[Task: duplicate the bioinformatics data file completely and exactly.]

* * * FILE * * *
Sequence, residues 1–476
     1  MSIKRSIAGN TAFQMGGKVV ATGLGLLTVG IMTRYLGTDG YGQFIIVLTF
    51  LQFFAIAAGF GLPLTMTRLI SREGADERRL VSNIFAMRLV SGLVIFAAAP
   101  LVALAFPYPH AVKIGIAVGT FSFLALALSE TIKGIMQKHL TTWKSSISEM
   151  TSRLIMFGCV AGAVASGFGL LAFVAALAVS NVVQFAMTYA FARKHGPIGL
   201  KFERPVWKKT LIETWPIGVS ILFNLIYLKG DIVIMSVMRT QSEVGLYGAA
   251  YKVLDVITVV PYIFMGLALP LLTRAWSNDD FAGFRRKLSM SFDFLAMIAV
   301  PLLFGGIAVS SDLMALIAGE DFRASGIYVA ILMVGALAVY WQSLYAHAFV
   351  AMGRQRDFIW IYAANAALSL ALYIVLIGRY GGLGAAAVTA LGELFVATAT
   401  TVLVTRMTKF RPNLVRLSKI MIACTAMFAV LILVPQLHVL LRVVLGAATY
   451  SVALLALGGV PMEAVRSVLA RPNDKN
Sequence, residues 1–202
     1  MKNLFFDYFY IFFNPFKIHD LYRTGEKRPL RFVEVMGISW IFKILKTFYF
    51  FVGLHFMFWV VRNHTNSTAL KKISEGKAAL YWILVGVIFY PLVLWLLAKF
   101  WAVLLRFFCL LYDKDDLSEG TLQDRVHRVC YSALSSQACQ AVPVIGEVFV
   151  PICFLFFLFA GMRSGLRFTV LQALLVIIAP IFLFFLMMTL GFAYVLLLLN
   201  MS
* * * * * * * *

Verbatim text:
Sequence, residues 1–476
     1  MSIKRSIAGN TAFQMGGKVV ATGLGLLTVG IMTRYLGTDG YGQFIIVLTF
    51  LQFFAIAAGF GLPLTMTRLI SREGADERRL VSNIFAMRLV SGLVIFAAAP
   101  LVALAFPYPH AVKIGIAVGT FSFLALALSE TIKGIMQKHL TTWKSSISEM
   151  TSRLIMFGCV AGAVASGFGL LAFVAALAVS NVVQFAMTYA FARKHGPIGL
   201  KFERPVWKKT LIETWPIGVS ILFNLIYLKG DIVIMSVMRT QSEVGLYGAA
   251  YKVLDVITVV PYIFMGLALP LLTRAWSNDD FAGFRRKLSM SFDFLAMIAV
   301  PLLFGGIAVS SDLMALIAGE DFRASGIYVA ILMVGALAVY WQSLYAHAFV
   351  AMGRQRDFIW IYAANAALSL ALYIVLIGRY GGLGAAAVTA LGELFVATAT
   401  TVLVTRMTKF RPNLVRLSKI MIACTAMFAV LILVPQLHVL LRVVLGAATY
   451  SVALLALGGV PMEAVRSVLA RPNDKN
Sequence, residues 1–202
     1  MKNLFFDYFY IFFNPFKIHD LYRTGEKRPL RFVEVMGISW IFKILKTFYF
    51  FVGLHFMFWV VRNHTNSTAL KKISEGKAAL YWILVGVIFY PLVLWLLAKF
   101  WAVLLRFFCL LYDKDDLSEG TLQDRVHRVC YSALSSQACQ AVPVIGEVFV
   151  PICFLFFLFA GMRSGLRFTV LQALLVIIAP IFLFFLMMTL GFAYVLLLLN
   201  MS